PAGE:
Wednesday, June 6, 2012

Bovina Boogie



A couple of weeks ago we and a bunch of our friends made a mass pilgrimage from our little town of Voorheesville to the even littler town of Bovina Center, where two brothers we are friends with grew up. These two brothers, Matt and Andy Pelletier, plus a native Voorheesvillan by the name of Josh Herzog, have a band called The College Farm . After approximately a decade of not-so- hard labor this band has produced a CD called Northeast of Nowhere and it is fantastic. A CD release party was held in their hometown of Bovina.

Bovina Center is a tiny, idyllic village veined with bubbling brooks and sheltered by emerald green hills. Even the dirt is a pretty reddish pink. The other thing about Bovina Center is that so many people born, raised and still living there are musicians and artists. The party was held at Matt and Andy’s friend Chico’s barn, in which he holds various musical events including the famous Livestock Music Festival    It was a great show and fun was had by all, ages 5 to 65.

Come One Come All—

The College Farm will be playing at Art on Lark, on Saturday, June 9 at 4 pm on the WEXT.97FM stage on Madison Ave. at Lark.

Full line-up and map at link.
http://www.larkstreet.org/events/art-on-lark.cfm

Tuesday, June 5, 2012

Fun With Broilers




We raise our own chickens for meat. About a month ago we received 100 chicks in the mail and put them into a heated brooder box my husband constructed. The brooder consists of  a heater in a  rabbit hutch, vacated by Bunny who passed away in late winter at the age of 12, that stands outside against the back of the barn.


Like much of our farm equipment the brooder box does not function particularly well. The brooder box is fronted by glass windows that open by swinging down (like the door to a mailbox). When they are young the chicks have to kept at approximately 95 degrees.  Keeping the temperature steady has proven very difficult, especially with the 40 degree-plus temperature swings we have been having. On a cold night the temperature in the brooder box can drop to 75 degrees causing the chicks huddle together for warmth. In the morning, when the sun hits the brooder box, the temperature can shoot up to well over 100 degrees making them pant.

It was on one of these sunny days that my husband, using an old twisted wire he apparently found on the ground and a couple of screws, devised a means of leaving the brooder door hanging open about six inches at the top, so the heat could escape. Good thinking and it worked well--until the wind came up.

One recent weekend afternoon it began to get a bit breezy. Dieter was out and I was wondering where our corgi puppy Moby had gotten to. I called and called and he didn’t come. I walked out toward the barn looking for him. I came across a small, wet bird lying dead in the grass and couldn’t imagine why it was there.  I continued walking. I saw Moby come around the corner of the barn in full play mode—bright eyes, tongue hanging out. I also saw that the long grass at the end of the barn was alive with birds—broiler chicks to be precise. At my feet I saw another wet bird, alive but bloody. Moby picked up a chick from the grass in his mouth and threw it up into the air. The chick landed on the ground, sprang to its feet and toddled off.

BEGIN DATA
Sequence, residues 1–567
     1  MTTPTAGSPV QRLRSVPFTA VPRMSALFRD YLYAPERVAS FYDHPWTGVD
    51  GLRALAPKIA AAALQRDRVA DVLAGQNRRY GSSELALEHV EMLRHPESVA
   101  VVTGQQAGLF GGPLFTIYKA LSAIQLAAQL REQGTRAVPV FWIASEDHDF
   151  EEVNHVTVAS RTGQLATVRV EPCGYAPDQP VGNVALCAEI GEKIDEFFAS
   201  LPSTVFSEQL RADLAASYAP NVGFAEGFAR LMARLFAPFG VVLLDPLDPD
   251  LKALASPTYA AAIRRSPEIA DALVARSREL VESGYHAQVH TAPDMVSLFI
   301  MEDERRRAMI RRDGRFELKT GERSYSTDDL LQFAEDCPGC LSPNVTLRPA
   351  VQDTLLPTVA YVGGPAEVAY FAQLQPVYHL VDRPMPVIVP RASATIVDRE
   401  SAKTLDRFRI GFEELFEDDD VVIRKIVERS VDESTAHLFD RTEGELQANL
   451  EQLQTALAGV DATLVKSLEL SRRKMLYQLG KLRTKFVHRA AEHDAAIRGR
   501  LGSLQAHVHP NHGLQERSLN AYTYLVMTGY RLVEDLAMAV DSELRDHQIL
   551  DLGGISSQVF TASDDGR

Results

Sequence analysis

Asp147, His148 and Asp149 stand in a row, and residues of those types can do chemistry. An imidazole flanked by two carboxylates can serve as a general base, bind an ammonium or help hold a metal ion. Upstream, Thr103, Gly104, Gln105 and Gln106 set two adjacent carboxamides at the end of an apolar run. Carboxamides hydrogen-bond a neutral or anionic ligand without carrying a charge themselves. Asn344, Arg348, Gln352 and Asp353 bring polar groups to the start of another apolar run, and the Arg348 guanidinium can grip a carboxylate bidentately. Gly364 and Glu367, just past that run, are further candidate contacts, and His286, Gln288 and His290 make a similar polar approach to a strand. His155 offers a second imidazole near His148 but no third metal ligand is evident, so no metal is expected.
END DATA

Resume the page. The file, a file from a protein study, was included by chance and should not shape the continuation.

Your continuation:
Needless to say, when the breeze had come up the old and twisted wire holding the brooder door failed. When I rounded the corner of the barn I saw the brooder door hanging open and the brooder nearly empty. Most of the chicks had apparently simply jumped out. I found another wet, dead chick on the ground beneath the brooder. I ran to put Moby in the house and to get my 15-year-old son, who told me he’d be along in a few minutes because he was trying to download something onto his iPod until I shrieked at him and he came out stuffing his iPod into his pocket.. It took us quite awhile to catch all those chicks and put them back in the brooder. My son spent a long time laying flat on the ground in the brooder trying to chase chicks out from underneath with a section of hose while I grabbed them as they emerged.

video
When we finally got all the chicks back inside it was still hot out. I closed the brooder door, holding it open a crack so the heat could escape using the same twisted wire. But I twisted the wire tighter!

Saturday, May 19, 2012

Barn Cats





We went quite a few years without cats. There was a time when we had about six cats, but a mother and son team of Australian cattle dogs did away with a couple (that’s another story) and we gave the rest away. Since we found out the hard way that Australian cattle dogs can’t abide cats, and we always had at least one Australian cattle dog around, at times as many as three, we’ve steered away from cats. However, despite the rather hazardous situation, about a year ago a feral calico cat with enormous yellow eyes decided our barn was a good place to have kittens.

A true cat person, Dieter tamed the kittens and as they grew into adulthood they continued to live in the barn. Our remaining Australian cattle dog, Ringo isn’t pleased about the situation but we seem to have come to some sort of a truce. Of these three there was a gray and white male-Stig, an orange male, Orange Cat, and an all gray female, Sister Cat. Orange Cat managed to break his leg and we had had to bring him to the vet and have him put to sleep, to the tune of $375 (yet another story). Now two cats remain—Stig and Sister Cat. Cats being cats two weeks ago Sister Cat had kittens. Stig, who was clearly the father, has since been neutered ($200).

There are five kittens in the litter--one gray, three gray and white, and one mysterious solid brown one, the color of a milk chocolate Easter rabbit. Wolfie is in charge of taming the kittens. If he succeeds he will be allowed to keep the brown kitten. We hope to find homes for the others. Sister Cat will be spayed once the kittens are weaned.